Would you say that your little finger is more important than your heel? Of course not! Every part of your body is important. But still, you have to admit, some parts are more important than others. For instance, you can survive without a finger or a toe, but it’s impossible to live without your spinal column. Your spine is the most important part of your body! Your head is attached at the top of it, and inside of it is the central line that connects all your other organs and systems: the spinal cord. Through the spinal cord, your brain literally controls each and every cell of your body.
Before birth, during the prenatal period, a human being rapidly repeats the evolution of all previous living creatures, including the worm, which is made up of separate segments. The human spine inherited this segmental structure. Each separate vertebra reminds us that we have ancestors – worms!!!
Our spine is movable because the vertebrae connect to each other with the help of intervertebral joints and discs. In my book, “33 Vertebrae or I Love My Osteochondrosis,” as well as at the website WWW.SPINANORMA.RU, I explain the structure of intervertebral discs, diseases that can affect them and the ways they heal. Despite the fact that discs enable vertebrae to move, they are not really joints. This is because a healthy disc has no articular cavity or any other features of a real joint.
A human being is born with 32 to 34 vertebrae. This number varies because there can be a difference in the number of coccyx or “tail” bones. Most often newborns have 33 vertebrae. But a mature adult has only 24 movable vertebrae: 12 thoracic vertebrae, 7 cervical vertebrae, and 5 lumbar vertebrae. 5 vertebrae fuse or knit together to become a one-piece sacral bone. The rest of the vertebrae, 4 of them, fuse to form the tailbone.
If you think you bow your head by using your neck bones, or cervical vertebrae, you’re wrong! Your head moves primarily because of only two upper vertebrae. These two bones connect your skull to your cervical vertebrae. That’s why they have unique names. The first cervical vertebra is called the atlas. The second one is the axis or odontoid vertebra.
The least movable part of the spine is the thoracic area. Since these vertebrae are connected to the chest and ribs, their movement is limited in comparison with the cervical and lumbar spines. That’s why cervical and lumbar osteochondrosis occurs more frequently than thoracic osteochondrosis.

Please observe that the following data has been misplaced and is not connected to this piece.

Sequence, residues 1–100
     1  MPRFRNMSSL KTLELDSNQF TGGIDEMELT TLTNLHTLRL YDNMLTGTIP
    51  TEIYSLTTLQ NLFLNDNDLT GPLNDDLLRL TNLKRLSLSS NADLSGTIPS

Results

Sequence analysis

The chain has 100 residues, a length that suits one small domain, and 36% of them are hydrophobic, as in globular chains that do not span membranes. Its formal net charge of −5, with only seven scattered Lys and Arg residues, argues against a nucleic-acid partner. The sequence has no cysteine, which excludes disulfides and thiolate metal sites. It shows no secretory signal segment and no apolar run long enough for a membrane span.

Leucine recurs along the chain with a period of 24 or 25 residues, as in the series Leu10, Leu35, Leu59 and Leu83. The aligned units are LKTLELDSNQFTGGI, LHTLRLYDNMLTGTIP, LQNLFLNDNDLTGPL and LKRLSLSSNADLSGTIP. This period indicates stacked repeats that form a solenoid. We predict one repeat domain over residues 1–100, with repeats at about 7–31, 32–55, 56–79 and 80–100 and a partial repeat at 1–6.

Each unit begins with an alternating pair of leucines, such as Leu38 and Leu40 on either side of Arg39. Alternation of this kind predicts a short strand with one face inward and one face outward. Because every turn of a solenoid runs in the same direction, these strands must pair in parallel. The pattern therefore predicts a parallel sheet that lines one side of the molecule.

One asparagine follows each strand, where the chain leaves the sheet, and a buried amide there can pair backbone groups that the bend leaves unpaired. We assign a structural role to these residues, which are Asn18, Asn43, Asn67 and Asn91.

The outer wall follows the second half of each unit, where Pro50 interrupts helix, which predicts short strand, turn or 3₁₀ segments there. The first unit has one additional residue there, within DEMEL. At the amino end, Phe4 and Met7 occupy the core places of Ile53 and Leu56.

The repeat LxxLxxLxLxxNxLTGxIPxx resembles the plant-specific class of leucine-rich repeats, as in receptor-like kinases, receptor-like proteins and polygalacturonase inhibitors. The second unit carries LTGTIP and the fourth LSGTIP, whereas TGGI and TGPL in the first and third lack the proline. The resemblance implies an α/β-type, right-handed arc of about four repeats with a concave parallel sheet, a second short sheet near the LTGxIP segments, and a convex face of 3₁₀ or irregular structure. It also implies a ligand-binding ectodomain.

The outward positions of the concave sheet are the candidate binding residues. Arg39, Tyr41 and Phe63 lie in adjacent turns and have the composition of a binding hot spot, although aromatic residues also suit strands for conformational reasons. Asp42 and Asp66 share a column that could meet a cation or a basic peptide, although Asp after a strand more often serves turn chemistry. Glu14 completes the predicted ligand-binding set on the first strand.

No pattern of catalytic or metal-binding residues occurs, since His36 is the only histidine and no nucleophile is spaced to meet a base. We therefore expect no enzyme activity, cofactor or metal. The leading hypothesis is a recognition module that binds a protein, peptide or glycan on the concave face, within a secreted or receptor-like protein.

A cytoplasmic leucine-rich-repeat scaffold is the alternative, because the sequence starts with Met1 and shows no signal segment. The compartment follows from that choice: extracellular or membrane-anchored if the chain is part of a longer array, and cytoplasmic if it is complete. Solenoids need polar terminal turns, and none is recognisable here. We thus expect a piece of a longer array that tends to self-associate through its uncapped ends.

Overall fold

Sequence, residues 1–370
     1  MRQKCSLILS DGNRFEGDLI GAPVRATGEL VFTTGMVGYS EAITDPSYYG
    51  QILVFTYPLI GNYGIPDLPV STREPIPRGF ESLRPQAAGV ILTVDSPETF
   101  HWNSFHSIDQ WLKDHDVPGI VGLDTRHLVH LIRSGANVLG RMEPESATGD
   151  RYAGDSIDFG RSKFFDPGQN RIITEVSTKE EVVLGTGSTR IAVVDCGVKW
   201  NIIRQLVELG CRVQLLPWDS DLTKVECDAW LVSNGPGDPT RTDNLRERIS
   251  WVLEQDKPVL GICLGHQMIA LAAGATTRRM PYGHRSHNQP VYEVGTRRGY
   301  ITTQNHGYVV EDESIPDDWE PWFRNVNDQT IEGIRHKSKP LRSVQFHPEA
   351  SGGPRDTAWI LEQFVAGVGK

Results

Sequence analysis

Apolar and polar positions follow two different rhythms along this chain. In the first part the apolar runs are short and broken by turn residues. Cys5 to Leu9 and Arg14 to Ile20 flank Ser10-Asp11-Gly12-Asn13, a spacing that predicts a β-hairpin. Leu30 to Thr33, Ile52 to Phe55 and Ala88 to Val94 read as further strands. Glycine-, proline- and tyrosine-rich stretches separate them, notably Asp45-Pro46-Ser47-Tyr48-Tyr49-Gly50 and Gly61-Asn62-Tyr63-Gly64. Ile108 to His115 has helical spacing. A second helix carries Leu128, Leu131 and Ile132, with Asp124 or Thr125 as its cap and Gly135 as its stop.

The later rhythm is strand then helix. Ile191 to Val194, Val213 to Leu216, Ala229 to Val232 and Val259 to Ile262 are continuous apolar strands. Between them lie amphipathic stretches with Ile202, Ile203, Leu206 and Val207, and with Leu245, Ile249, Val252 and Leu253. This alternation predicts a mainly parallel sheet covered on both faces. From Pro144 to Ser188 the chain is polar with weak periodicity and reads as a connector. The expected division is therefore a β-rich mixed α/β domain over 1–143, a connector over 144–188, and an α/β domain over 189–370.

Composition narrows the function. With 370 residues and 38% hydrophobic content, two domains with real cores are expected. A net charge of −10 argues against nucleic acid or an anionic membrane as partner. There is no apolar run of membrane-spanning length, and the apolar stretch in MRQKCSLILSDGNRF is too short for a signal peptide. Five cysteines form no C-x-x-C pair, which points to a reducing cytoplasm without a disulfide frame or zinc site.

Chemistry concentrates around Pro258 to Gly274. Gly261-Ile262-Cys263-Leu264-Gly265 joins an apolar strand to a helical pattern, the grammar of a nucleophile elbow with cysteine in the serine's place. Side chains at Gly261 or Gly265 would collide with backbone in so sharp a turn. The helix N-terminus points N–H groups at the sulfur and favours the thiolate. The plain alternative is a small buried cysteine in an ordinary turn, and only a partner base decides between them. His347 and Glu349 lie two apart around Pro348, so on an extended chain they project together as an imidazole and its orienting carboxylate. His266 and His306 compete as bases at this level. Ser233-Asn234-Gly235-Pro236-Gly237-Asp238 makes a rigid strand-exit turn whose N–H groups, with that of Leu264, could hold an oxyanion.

If you look at a healthy person’s spine, you will notice right away that the back is curved. You’ll see that the curve in the thoracic spine is directed backwards. This is called kyphosis. Cervical and lumbar vertebrae are situated on a line curving forward. This is called lordosis. The sacrum is curved too, but you can’t see it because the curve is located deep within the pelvic bones and is surrounded by muscles.
It’s important that when a child is born, that the spine has no curves. It is totally straight. But when a child starts holding its head up, at approximately the age of three months, cervical lordosis appears. At the age of about six months, most children can sit up alone, and have developed thoracic kyphosis. At the age of about one year, a healthy child can stand and starts walking. By now, lumbar lordosis is completely formed.
I guess everyone understands that spinal curvatures appear as a result of the influence of gravity on the body. When these curves have not yet developed, you must not hurry your child to stand or walk! That’s why various devices that put a little child in a standing position too early are extremely harmful. Everyone has their own inner developmental plan. Children start walking only when their ligaments, muscles, and spinal joints are ready. The longer your child crawls, the healthier their spine will be.
Two massive bones of the body, the skull at the top and the hip bone with its tailbone at the bottom are connected by movable vertebrae that have three movable curves. The spinal column is able to alleviate the vibration and force that are caused by walking, and the head is kept in a balanced position with the help of these “magical” curves. Of course, the sizes of these curves can be different. We’ll talk about that in the next chapter.
- The spine is the primary part of the skeleton that forms the posture.
- To move correctly, the spine maintains multi-directional curves.
- Natural curves of the spine form during the first year of life.